Details

Creating Entrepreneurial Space: Talking Through Multi-Voices, Reflections on Emerging Debates
Type: Book
ISBN: 978-1-78756-372-8

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Book part
Publication date: 10 June 2014

Abstract

Details

Practical and Theoretical Implications of Successfully Doing Difference in Organizations
Type: Book
ISBN: 978-1-78350-678-1

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Article
Publication date: 1 February 1998

Rocco R. Vanasco

This paper examines the role of professional associations, governmental agencies, and international accounting and auditing bodies in promulgating standards to deter and…

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24962

Abstract

This paper examines the role of professional associations, governmental agencies, and international accounting and auditing bodies in promulgating standards to deter and detect fraud, domestically and abroad. Specifically, it focuses on the role played by the US Securities and Exchange Commission (SEC), the American Institute of Certified Public Accountants (AICPA), the Institute of Internal Auditors (IIA), the Institute of Management Accountants (IMA), the Association of Certified Fraud Examiners (ACFE), the US Government Accounting Office (GAO), and other national and foreign professional associations, in promulgating auditing standards and procedures to prevent fraud in financial statements and other white‐collar crimes. It also examines several fraud cases and the impact of management and employee fraud on the various business sectors such as insurance, banking, health care, and manufacturing, as well as the role of management, the boards of directors, the audit committees, auditors, and fraud examiners and their liability in the fraud prevention and investigation.

Details

Managerial Auditing Journal, vol. 13 no. 1
Type: Research Article
ISSN: 0268-6902

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Article
Publication date: 1 January 1918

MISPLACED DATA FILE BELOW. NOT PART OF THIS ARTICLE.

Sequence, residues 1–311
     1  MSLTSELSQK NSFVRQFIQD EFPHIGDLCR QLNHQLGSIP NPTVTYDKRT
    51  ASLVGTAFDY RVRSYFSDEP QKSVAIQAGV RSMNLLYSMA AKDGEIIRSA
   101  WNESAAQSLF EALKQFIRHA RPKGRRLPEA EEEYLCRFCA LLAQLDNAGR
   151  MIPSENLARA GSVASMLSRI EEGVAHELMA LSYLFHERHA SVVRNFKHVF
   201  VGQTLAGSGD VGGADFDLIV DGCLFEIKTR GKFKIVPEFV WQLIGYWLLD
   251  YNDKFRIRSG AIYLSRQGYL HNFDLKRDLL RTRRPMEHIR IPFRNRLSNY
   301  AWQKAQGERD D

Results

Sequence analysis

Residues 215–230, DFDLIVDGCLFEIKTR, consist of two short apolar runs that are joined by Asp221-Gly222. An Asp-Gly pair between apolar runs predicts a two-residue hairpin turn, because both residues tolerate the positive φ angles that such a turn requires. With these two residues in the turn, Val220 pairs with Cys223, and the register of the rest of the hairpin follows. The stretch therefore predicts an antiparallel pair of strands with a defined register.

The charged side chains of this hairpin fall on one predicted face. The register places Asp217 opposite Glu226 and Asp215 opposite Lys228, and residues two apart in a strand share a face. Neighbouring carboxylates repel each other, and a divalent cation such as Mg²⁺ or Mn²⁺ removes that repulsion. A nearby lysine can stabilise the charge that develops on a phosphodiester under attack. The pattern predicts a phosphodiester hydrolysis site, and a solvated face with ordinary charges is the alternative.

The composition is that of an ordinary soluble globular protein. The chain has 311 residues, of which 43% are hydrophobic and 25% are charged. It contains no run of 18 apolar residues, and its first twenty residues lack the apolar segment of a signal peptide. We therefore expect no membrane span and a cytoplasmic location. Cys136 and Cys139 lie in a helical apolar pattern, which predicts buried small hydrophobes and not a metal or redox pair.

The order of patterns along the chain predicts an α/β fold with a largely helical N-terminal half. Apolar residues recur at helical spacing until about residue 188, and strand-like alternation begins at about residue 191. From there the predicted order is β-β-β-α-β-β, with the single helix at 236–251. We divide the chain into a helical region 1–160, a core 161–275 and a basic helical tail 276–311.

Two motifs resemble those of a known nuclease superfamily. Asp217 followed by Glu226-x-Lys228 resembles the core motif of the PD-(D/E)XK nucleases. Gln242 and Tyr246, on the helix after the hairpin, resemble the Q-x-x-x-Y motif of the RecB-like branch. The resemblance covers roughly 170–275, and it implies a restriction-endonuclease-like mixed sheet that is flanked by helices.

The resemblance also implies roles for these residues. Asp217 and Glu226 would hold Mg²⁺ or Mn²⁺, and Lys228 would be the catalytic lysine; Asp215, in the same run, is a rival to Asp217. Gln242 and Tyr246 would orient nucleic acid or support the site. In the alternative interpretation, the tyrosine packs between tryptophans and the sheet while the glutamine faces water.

The year opens with omens good, and foreboding, for librarians. Of the first kind is the re‐opening after two years of the Science Museum at South Kensington. The second…

Abstract

The year opens with omens good, and foreboding, for librarians. Of the first kind is the re‐opening after two years of the Science Museum at South Kensington. The second was the astounding proposal of the Air Ministry to commandeer the British Museum for its administrative work. After three years of a war which has shown the devastating results of the neglect of things educational and spiritual the rulers of this country had apparently acqui sced in a proposal which, in the words of the President of the British Association, would “cause a shudder to run through all civilised countries. Were it carried out it would cover the British nation with lasting obliquy.” As we go to press, however, it is announced that the proposed outrage is not considered to be necessary and will therefore not take place. We rejoice over the repentance of the Government; but the fact that the proposal was made seriously, and for a time upheld, is so significant that it behoves all who value the treasures of the nation to be upon their guard. The war, also, is not over yet.

Details

New Library World, vol. 20 no. 7
Type: Research Article
ISSN: 0307-4803